January 2009

Drennan Spitzer


Night Work by Thomas Glavinic, translated by John Brownjohn

In Thomas Glavinic’s Night Work, Jonas, the protagonist, awakens on the morning of 4 July, rushes out the door to catch a bus, and discovers that he seems to be the only living being left on earth. Jonas lives in contemporary Vienna where food and other provisions can simply be “borrowed” from the local grocery store. This allows Jonas and us, the readers, to explore the emotional and philosophical struggles of being the last human on earth.

Glavinic’s last-man-on-earth-scenario may not be terribly original, but Glavinic deals with the scenario in interesting, thoughtful ways. After exploring Vienna and attempting to place many phone calls to his friends, family, and lover, Jonas is forced to accept that no human or animal life, besides himself, exists. However, he is plagued by the feeling that someone or something is watching and even following him, and he quickly takes to carrying a loaded gun everywhere. Jonas begins videotaping different parts of Vienna, in the attempt to determine for certain whether he really is the only living being left.

Eventually, Jonas’s sense that he’s being watched, combined with his apparent sleepwalking, compels him to videotape himself while he is asleep. Increasingly, Jonas spends his waking hours watching the videos he shoots, videos of the empty city and of himself asleep. He begins to identify the sleeping figure of himself as The Sleeper, and as he separates his own sense of identity from that of The Sleeper, The Sleeper’s actions become increasingly troubling to Jonas. For example, The Sleeper often spends extended periods of time staring into the video camera. This suggests that Jonas may be suffering from severe sleep deprivation and may be hallucinating or merely dreaming that he is the only human left on earth. These uncertainties create suspense and mystery that make Galvinic’s novel compelling.

Jonas also grapples with the all-but-cliché question about meaning: If a tree falls in a forest and no one is around to hear it, does it make a sound? And yet Glavinic manages to pose the question in such a way that it doesn’t feel cliché. Over and over, Jonas questions whether his actions have meaning when there is no other human to witness them. He, in near-compulsive behavior, leaves messages wherever he goes, often written on the menu boards at restaurants and pubs, simply stating his name and the date. He reads and rereads the scribbles and graffiti left by his child self. He leaves nonsense notes to himself and others. He also dwells on the nature of time and its passage. And he finally wonders whether the world will continue to exist when he, the last living being, is no longer present.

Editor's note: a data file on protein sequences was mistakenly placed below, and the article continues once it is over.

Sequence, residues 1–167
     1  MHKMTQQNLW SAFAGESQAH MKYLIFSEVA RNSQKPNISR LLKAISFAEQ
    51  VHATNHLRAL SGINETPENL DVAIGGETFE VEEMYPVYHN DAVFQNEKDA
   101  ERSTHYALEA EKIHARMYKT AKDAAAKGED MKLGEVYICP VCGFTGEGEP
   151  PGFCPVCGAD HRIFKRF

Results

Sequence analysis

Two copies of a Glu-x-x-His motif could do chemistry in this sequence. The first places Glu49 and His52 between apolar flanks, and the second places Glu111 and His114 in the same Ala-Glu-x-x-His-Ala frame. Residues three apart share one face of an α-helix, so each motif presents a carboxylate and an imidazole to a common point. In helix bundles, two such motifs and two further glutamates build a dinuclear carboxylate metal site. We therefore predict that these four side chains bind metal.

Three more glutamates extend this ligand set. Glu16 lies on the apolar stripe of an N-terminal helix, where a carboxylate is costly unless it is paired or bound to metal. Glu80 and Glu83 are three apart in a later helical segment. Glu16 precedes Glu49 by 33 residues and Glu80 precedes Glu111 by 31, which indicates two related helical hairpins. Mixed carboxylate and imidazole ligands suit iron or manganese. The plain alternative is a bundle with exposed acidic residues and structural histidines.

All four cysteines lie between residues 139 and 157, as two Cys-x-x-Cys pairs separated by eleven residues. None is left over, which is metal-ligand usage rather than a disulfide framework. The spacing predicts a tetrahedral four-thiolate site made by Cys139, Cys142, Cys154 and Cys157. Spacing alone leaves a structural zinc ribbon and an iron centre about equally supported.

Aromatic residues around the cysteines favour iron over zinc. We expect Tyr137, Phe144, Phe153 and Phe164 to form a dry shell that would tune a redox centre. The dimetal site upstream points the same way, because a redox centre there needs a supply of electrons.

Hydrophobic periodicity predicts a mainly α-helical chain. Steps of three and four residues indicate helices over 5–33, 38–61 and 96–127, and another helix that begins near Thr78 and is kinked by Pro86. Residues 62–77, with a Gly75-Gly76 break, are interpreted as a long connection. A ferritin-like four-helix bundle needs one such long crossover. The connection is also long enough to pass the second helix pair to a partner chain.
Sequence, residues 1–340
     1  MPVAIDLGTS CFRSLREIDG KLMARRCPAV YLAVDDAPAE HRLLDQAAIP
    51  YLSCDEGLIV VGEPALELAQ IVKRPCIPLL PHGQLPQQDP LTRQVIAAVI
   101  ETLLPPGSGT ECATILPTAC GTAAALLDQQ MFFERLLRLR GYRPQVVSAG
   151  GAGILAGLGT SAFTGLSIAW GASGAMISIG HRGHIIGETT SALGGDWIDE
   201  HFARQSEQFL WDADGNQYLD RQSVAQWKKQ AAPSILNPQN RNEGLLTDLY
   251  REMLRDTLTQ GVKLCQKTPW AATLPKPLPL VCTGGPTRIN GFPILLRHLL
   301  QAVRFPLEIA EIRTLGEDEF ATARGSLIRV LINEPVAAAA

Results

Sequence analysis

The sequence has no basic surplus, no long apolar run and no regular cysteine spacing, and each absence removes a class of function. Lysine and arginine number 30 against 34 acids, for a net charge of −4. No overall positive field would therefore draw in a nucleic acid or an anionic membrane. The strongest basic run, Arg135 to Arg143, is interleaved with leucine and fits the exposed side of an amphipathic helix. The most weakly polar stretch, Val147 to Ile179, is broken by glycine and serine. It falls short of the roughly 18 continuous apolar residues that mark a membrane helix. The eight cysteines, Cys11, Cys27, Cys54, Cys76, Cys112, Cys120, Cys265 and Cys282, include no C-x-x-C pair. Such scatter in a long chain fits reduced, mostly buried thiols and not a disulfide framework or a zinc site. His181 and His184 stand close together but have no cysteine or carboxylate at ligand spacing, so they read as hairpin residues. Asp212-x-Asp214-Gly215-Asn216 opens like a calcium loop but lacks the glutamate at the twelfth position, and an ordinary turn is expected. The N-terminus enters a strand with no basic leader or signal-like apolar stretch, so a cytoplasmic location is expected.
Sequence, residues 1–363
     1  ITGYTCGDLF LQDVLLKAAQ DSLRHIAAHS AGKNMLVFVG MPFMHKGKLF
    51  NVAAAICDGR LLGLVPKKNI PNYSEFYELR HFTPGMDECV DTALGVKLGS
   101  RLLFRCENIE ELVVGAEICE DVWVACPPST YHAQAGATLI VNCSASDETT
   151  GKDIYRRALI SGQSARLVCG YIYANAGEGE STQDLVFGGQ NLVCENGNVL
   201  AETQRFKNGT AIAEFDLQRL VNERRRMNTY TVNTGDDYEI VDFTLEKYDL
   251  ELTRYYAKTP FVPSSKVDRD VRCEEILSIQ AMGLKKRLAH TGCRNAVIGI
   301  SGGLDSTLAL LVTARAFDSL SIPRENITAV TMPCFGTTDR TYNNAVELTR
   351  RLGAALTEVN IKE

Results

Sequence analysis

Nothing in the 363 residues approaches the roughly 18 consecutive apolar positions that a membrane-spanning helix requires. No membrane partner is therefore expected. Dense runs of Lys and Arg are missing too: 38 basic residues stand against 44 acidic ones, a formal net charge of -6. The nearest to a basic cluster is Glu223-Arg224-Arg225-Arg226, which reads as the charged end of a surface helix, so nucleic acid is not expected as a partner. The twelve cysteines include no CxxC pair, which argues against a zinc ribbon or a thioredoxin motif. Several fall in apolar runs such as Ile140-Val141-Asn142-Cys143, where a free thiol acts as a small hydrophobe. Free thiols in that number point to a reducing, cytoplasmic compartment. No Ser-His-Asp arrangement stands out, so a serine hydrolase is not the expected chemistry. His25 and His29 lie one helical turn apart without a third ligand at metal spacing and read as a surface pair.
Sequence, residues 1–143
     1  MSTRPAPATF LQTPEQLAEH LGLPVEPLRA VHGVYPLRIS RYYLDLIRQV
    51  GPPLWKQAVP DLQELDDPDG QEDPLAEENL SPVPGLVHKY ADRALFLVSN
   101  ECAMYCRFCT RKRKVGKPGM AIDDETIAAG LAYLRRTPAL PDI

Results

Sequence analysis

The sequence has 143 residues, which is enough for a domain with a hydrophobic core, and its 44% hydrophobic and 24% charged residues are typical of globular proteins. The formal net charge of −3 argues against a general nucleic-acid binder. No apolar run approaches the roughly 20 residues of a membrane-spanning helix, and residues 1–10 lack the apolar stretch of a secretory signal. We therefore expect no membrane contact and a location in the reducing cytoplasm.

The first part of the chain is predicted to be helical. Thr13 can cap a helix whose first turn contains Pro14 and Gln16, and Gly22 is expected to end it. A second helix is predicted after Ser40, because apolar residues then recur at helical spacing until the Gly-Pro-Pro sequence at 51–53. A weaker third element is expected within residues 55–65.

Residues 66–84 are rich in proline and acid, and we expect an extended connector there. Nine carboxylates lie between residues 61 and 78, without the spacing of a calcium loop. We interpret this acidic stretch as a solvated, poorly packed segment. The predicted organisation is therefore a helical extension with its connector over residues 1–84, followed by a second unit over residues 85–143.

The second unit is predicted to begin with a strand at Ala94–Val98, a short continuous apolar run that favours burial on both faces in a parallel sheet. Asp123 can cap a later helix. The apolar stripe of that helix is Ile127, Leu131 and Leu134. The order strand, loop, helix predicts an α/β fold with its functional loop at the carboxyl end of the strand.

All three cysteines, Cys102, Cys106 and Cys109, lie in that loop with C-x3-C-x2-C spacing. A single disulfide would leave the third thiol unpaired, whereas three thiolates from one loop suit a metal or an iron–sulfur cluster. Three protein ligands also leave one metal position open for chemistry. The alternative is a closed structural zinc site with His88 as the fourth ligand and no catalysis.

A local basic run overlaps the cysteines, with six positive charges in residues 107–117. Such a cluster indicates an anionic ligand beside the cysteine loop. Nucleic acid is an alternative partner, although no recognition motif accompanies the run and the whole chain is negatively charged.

Glavinic approaches a scenario and a set of philosophical questions that could be predictable, yet he manages these in a fresh way. The novel, however, drags in the middle. The novel only covers about six weeks, certainly no more than two months, yet the middle sections, as Jonas obsessively collects the previous day’s videos, sets up new video cameras, watches the previous day’s videos, prepares a frozen meal, and suffers from a cold, become redundant. Glavinic is, I can only assume, attempting to convey the boredom and paranoia that grow from being entirely alone and bound to compulsive behavior, yet the momentum and suspense created early on are lost in the middle. I could easily have set the book aside about one-third of the way through and did, in fact, set it aside for a week or so. The momentum is, however, regained in the final quarter of the work, as Jonas leaves Vienna on a quest to find both answers and personal fulfillment.

Translation is always a tricky, sticky endeavor. John Brownjohn has translated this work from the original German in a way that conveys both a particular literary quality and a stylistic elegance. The sometimes disjointed sections and choppy sentences work to reflect Jonas experiences and perceptions. However, the use of particular wording may, at times, be challenging to speakers of American English.

Of course, this reviewer would not want to spoil the read by giving away the ending. However, it should be said that in the end Jonas’s experience is a meditation on the experience of being human and the essential loneliness bound up with this experience.

Night Work by Thomas Glavinic, translated by John Brownjohn
ISBN: 9781847670519
375 Pages